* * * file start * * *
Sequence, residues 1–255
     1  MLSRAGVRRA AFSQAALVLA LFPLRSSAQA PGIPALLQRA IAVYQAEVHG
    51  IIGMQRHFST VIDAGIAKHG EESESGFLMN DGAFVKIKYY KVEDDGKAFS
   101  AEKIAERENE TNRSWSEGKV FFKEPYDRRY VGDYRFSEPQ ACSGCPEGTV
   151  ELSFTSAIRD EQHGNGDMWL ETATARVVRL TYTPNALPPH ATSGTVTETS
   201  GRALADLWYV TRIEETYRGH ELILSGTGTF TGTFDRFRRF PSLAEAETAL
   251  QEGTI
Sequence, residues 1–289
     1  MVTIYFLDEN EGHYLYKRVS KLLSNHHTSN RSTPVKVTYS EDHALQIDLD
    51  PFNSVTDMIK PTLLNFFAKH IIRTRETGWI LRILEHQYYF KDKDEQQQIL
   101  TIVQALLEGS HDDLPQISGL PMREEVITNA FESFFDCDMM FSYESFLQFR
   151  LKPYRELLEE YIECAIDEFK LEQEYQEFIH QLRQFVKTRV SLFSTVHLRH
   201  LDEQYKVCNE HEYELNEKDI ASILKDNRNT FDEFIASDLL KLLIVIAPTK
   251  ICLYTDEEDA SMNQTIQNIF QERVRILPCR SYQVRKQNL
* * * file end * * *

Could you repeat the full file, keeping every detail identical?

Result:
Sequence, residues 1–255
     1  MLSRAGVRRA AFSQAALVLA LFPLRSSAQA PGIPALLQRA IAVYQAEVHG
    51  IIGMQRHFST VIDAGIAKHG EESESGFLMN DGAFVKIKYY KVEDDGKAFS
   101  AEKIAERENE TNRSWSEGKV FFKEPYDRRY VGDYRFSEPQ ACSGCPEGTV
   151  ELSFTSAIRD EQHGNGDMWL ETATARVVRL TYTPNALPPH ATSGTVTETS
   201  GRALADLWYV TRIEETYRGH ELILSGTGTF TGTFDRFRRF PSLAEAETAL
   251  QEGTI
Sequence, residues 1–289
     1  MVTIYFLDEN EGHYLYKRVS KLLSNHHTSN RSTPVKVTYS EDHALQIDLD
    51  PFNSVTDMIK PTLLNFFAKH IIRTRETGWI LRILEHQYYF KDKDEQQQIL
   101  TIVQALLEGS HDDLPQISGL PMREEVITNA FESFFDCDMM FSYESFLQFR
   151  LKPYRELLEE YIECAIDEFK LEQEYQEFIH QLRQFVKTRV SLFSTVHLRH
   201  LDEQYKVCNE HEYELNEKDI ASILKDNRNT FDEFIASDLL KLLIVIAPTK
   251  ICLYTDEEDA SMNQTIQNIF QERVRILPCR SYQVRKQNL